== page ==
Paridaens, D., Hans, K., van Buitenen, S., & Mourits, M. P. (1998). The incidence of diplopia following coronal and translid orbital decompression in Graves' orbitopathy. Eye (London, England), 12 (Pt 5), pp. 800-5.
Paridaens D, et al. The Incidence of Diplopia Following Coronal and Translid Orbital Decompression in Graves' Orbitopathy. Eye (Lond). 1998;12 (Pt 5):800-5. PubMed PMID: 10070513.
* Article titles in AMA citation format should be in sentence-case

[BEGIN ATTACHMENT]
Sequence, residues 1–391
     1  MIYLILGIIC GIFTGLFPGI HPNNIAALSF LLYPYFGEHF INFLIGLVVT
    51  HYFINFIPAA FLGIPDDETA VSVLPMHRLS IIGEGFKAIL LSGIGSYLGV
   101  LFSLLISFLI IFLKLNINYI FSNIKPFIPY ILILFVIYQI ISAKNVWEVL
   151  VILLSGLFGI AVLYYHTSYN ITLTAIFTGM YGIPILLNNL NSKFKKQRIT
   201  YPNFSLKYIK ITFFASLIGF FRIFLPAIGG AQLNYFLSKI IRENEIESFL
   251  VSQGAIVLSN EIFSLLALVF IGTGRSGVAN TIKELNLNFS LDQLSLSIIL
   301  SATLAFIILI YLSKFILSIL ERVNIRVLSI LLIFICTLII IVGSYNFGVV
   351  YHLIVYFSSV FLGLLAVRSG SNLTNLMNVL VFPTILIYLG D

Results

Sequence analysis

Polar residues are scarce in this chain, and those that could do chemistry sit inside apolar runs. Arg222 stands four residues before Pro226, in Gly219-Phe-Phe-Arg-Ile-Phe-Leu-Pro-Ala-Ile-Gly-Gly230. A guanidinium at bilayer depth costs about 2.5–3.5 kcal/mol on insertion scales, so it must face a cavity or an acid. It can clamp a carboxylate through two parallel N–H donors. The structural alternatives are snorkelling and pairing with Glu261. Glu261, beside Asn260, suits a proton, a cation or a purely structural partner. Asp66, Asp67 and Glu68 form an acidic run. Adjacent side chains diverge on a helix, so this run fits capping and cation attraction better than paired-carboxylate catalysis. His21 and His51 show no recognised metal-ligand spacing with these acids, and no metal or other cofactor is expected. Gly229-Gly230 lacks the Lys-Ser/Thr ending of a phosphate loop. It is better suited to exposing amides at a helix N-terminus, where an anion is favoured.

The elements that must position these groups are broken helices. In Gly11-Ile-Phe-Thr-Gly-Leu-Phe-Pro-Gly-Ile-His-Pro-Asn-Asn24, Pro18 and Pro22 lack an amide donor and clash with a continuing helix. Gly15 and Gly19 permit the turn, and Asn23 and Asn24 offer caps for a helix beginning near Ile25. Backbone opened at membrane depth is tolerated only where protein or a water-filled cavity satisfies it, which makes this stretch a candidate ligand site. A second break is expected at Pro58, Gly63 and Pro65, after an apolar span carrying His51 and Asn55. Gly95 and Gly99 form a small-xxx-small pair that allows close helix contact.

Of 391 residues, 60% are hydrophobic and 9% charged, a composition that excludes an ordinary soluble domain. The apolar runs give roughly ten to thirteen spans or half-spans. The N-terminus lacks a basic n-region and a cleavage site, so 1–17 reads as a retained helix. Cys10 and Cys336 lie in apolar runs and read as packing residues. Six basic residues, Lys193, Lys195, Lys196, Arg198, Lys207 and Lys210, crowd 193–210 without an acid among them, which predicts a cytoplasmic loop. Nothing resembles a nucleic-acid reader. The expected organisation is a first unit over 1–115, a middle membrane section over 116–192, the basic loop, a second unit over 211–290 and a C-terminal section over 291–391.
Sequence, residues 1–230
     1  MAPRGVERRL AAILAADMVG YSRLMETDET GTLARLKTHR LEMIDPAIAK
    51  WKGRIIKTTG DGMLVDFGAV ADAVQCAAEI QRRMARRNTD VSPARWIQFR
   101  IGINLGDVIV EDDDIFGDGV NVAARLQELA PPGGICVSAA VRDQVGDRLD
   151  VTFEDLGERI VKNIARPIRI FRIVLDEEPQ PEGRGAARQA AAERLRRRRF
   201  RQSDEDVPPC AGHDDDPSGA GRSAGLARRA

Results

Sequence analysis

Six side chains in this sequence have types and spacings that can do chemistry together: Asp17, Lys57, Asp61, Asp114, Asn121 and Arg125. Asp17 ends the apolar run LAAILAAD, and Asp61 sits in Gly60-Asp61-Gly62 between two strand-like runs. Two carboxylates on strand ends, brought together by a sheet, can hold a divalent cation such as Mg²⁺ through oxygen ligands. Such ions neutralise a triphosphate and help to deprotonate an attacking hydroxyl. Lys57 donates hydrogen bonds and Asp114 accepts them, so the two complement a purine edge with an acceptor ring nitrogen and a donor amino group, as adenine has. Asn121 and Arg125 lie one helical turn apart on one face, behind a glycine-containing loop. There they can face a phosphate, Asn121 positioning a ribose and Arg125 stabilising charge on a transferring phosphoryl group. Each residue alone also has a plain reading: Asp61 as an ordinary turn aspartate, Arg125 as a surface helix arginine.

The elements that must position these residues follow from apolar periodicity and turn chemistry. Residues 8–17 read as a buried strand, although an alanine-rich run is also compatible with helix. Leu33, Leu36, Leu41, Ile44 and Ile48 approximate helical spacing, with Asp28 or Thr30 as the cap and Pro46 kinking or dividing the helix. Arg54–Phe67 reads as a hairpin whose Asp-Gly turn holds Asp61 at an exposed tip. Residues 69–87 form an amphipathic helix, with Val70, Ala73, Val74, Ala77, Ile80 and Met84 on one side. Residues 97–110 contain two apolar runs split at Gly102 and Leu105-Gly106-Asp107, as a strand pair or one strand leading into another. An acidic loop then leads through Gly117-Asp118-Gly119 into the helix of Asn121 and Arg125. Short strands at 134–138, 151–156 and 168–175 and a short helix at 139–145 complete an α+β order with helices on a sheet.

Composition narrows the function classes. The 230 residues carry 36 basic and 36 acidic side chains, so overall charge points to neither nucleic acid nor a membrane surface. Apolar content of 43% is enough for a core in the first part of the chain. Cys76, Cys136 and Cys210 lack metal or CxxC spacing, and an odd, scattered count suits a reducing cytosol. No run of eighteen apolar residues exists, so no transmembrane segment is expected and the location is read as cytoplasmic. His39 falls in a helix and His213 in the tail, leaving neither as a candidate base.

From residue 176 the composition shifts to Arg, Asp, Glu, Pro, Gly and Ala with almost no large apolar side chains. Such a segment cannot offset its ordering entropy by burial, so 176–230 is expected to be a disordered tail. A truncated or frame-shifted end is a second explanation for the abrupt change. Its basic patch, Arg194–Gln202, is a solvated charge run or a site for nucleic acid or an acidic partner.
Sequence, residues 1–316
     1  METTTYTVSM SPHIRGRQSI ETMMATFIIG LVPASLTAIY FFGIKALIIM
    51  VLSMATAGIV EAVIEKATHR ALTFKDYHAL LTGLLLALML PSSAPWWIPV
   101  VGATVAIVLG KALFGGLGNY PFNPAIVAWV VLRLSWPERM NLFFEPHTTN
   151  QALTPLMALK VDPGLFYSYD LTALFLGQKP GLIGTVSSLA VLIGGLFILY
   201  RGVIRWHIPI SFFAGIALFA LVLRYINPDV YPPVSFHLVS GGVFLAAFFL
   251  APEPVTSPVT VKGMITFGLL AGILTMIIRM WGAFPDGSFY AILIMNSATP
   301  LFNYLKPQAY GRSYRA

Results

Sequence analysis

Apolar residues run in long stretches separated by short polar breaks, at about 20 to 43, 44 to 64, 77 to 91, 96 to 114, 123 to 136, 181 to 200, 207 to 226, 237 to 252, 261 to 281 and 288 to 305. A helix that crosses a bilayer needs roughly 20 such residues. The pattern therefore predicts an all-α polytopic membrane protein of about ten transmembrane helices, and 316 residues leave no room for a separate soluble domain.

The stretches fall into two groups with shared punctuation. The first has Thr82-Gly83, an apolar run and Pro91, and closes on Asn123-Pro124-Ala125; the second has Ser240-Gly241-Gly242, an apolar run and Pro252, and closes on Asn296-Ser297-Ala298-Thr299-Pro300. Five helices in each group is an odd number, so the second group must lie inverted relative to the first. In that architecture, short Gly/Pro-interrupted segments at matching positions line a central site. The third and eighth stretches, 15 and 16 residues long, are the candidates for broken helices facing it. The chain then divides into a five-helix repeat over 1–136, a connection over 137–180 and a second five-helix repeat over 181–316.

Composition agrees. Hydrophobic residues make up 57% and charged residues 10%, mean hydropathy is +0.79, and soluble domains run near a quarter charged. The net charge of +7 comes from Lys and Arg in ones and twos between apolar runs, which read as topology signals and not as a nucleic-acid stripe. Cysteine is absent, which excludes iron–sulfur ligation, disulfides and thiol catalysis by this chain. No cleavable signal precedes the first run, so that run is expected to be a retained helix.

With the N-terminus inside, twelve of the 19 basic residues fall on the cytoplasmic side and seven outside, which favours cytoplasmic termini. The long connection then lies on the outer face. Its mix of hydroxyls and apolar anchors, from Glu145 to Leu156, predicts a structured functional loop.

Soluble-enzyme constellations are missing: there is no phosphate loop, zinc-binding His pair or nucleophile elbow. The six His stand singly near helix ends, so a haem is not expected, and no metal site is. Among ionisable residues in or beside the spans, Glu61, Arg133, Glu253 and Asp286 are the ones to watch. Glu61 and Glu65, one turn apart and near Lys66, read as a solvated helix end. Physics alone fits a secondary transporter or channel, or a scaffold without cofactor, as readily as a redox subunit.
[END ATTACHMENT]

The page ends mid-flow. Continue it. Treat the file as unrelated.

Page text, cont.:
TY - JOUR T1 - The incidence of diplopia following coronal and translid orbital decompression in Graves' orbitopathy. AU - Paridaens,D, AU - Hans,K, AU - van Buitenen,S, AU - Mourits,M P, PY - 1999/3/10/pubmed PY - 1999/3/10/medline PY - 1999/3/10/entrez SP - 800 EP - 5 JF - Eye (London, England) JO - Eye (Lond) VL - 12 (Pt 5) N2 - PURPOSE: Firstly, to assess the incidence of induced diplopia following orbital decompression in patients with Graves' orbitopathy. Secondly, to assess patient satisfaction after orbital decompression. Thirdly, to determine the factors that contribute to the variable reported incidence of diplopia complicating decompression surgery. METHODS: We present a retrospective analysis of the alterations of ocular motility in a consecutive series of 81 patients with Graves' orbitopathy who underwent orbital decompression by either a coronal or a translid approach. We assessed patient satisfaction by a telephone survey, and we reviewed the literature. RESULTS: Eleven patients underwent decompressive surgery for dysthyroid optic neuropathy (DON); 5 of them had a three-wall coronal decompression, the other 6 had a two-wall translid decompression. One of the 5 (20%) coronal versus 2 of the 6 (33%) traslid patients experienced worsening of their existing diplopia. Seventy patients underwent surgery for disfiguring proptosis; 41 of them had a coronal decompression and 29 had a translid decompression. Eight of the 41 coronal patients (20%) and 4 of the 29 translid patients (14%) experienced aggravation of their motility impairment. There was no statistically significant difference between these percentages (chi-squared, p > 0.05). Three of 26 coronal patients (12%) without pre-operative motility impairment developed diplopia in all directions. Twenty-five per cent needed strabismus surgery (9% multiple times). High satisfaction scores were noted after both types of orbital decompression. Through a review of the literature, several factors that may add to heterogeneous results were identified, including definition of diplopia, inclusion criteria and type of surgery. CONCLUSIONS: Induced diplopia is seen after any type of orbital decompression (19% overall), and its incidence is determined by various factors. To facilitate comparative studies between decompression techniques, a standardised protocol for orthoptic evaluation should be developed. SN - 0950-222X UR - https://www.unboundmedicine.com/medline/citation/10070513/The_incidence_of_diplopia_following_coronal_and_translid_orbital_decompression_in_Graves'_orbitopathy_ DB - PRIME DP - Unbound Medicine ER -